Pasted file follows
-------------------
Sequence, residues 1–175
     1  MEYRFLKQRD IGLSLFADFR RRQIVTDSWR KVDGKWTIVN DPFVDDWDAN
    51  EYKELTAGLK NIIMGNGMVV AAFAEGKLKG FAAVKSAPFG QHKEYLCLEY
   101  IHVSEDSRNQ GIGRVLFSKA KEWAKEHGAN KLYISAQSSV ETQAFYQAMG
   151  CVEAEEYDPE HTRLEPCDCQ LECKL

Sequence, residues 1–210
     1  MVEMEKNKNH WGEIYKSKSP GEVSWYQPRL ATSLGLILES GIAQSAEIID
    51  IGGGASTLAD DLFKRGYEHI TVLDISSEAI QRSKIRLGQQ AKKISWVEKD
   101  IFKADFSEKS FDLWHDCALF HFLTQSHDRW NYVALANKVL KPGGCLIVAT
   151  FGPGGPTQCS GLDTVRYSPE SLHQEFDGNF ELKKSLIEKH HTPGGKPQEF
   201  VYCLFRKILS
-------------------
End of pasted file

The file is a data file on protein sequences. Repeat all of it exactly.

Sequence, residues 1–175
     1  MEYRFLKQRD IGLSLFADFR RRQIVTDSWR KVDGKWTIVN DPFVDDWDAN
    51  EYKELTAGLK NIIMGNGMVV AAFAEGKLKG FAAVKSAPFG QHKEYLCLEY
   101  IHVSEDSRNQ GIGRVLFSKA KEWAKEHGAN KLYISAQSSV ETQAFYQAMG
   151  CVEAEEYDPE HTRLEPCDCQ LECKL

Sequence, residues 1–210
     1  MVEMEKNKNH WGEIYKSKSP GEVSWYQPRL ATSLGLILES GIAQSAEIID
    51  IGGGASTLAD DLFKRGYEHI TVLDISSEAI QRSKIRLGQQ AKKISWVEKD
   101  IFKADFSEKS FDLWHDCALF HFLTQSHDRW NYVALANKVL KPGGCLIVAT
   151  FGPGGPTQCS GLDTVRYSPE SLHQEFDGNF ELKKSLIEKH HTPGGKPQEF
   201  VYCLFRKILS